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½ Review: Silent Hill (PS1)


Silent Hill seemed extremely mysterious when I first saw it in a shop catalogue. Resident Evil was zombies, Dino Crisis was dinosaurs (dino-horror… has that already been coined?), but what was Silent Hill? Misty streets and ambiguous bloody messes were the most prominent features of magazine screen shots at the time. Even the name was mysterious; not like other horror stories; more like the moment just before something happens –

And the game lives up to that mystery. You, Harry Mason, wake up in a town shrouded in thick fog [that most genuinely creepy of all weather conditions – I remember visiting a beach on the Gower Peninsula which was covered by a thick white sea fog – it was a novelty experience, but I couldn’t help feeling the tinges of a claustrophobic response bubbling up] and are met by a police officer. A reassuring sight, if not for the strange, unnerving way in which the characters, including your own, speak to each other. This is key to Silent Hill’s lasting creepiness. Speech in this game seems at times like an abnormal activity – as if words no longer properly express reality.

Whether or not this was intentional is probably up for debate, though with the development team citing David Lynch as a major influence I wouldn’t be surprised if the voice acting team took direction from films such as Lost Highway, in which every line seems to imply some underlying menace (though reading an interview with Michael Guinn, Harry’s voice actor, it doesn’t sound like those influence, if they existed, were made explicit in direction).

Much has been made of the setting in the past (rightfully so), but it always seemed strange to me that the town entirely lacks a hill [in this game at least – I haven’t played them all]. The town is next to a lake. But I don’t recall any mention or sighting of a hill in the game. A lake does seem to fit the mood and tone of the setting though – again that thick fog off the water. Also (and I’m sure I’m stealing this from somewhere), there’s something about large, still bodies of water which suggests sleep and stasis; and there’s that liminal shoreline between life and another, submersed world. The disconnect between the setting and its name (Hill – lake; though Silent neatly fits), like the voice acting, also presents the player with a place in which things just don’t feel right; in which language isn’t able to function properly.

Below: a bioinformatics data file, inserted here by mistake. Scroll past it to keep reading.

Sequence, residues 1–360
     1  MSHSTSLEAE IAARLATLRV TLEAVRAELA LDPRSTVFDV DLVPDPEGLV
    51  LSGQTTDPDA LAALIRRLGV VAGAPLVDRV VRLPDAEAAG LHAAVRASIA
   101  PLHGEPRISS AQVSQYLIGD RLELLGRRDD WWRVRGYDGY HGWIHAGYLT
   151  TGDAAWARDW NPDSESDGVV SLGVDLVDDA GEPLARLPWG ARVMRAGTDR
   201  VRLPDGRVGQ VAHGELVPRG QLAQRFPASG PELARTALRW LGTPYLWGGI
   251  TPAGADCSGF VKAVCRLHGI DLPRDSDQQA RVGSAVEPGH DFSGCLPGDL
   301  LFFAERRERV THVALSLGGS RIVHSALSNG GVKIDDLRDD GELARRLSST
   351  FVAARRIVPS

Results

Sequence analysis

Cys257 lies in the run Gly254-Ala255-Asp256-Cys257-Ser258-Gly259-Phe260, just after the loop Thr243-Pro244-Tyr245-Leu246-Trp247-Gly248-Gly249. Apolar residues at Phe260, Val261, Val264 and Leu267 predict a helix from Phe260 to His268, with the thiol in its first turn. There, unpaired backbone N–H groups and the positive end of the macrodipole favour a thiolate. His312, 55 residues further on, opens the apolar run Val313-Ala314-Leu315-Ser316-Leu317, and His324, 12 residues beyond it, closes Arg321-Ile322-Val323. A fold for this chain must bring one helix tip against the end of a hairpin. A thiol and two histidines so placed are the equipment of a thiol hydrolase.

One aspect of the game which represents its biggest success for me are the exploration sequences. Wandering through the foggy town looking for resources and clues is so brilliantly creepy and evocative – with the static radio sounds making silence feel comforting – and the… fleshy pterodactyls… flying through the mist. Combat however is undeniably awkward, but people argue it’s intentional and a good thing. I’m not sure whether I entirely agree, and on the whole I wish there was less combat in the game. It does however add a layer of tension and increasing stress as you manage your resources, but towards the end of the game this isn’t much of a problem, and as a result you’re left only with the awkward encounters [perhaps increasing the difficulty level would improve this, but it could just as easily make it worse].  

On top of this the enemy designs are questionable: yes, fleshy pterodactyls (more dino-horror ©) are original I guess, but evil teddy bears; a random caterpillar; fleshy dog-like things; actual dogs! The bosses, and enemies as a whole, are just fleshy things which are scary. They don’t relate to anything much.

Apart from the enemies and some of the combat situations, I really do enjoy this game as a whole. It’s one of those experience games, where it’s more about the whole than the parts.

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About jobejoeone of us since 6:29 AM on 02.28.2016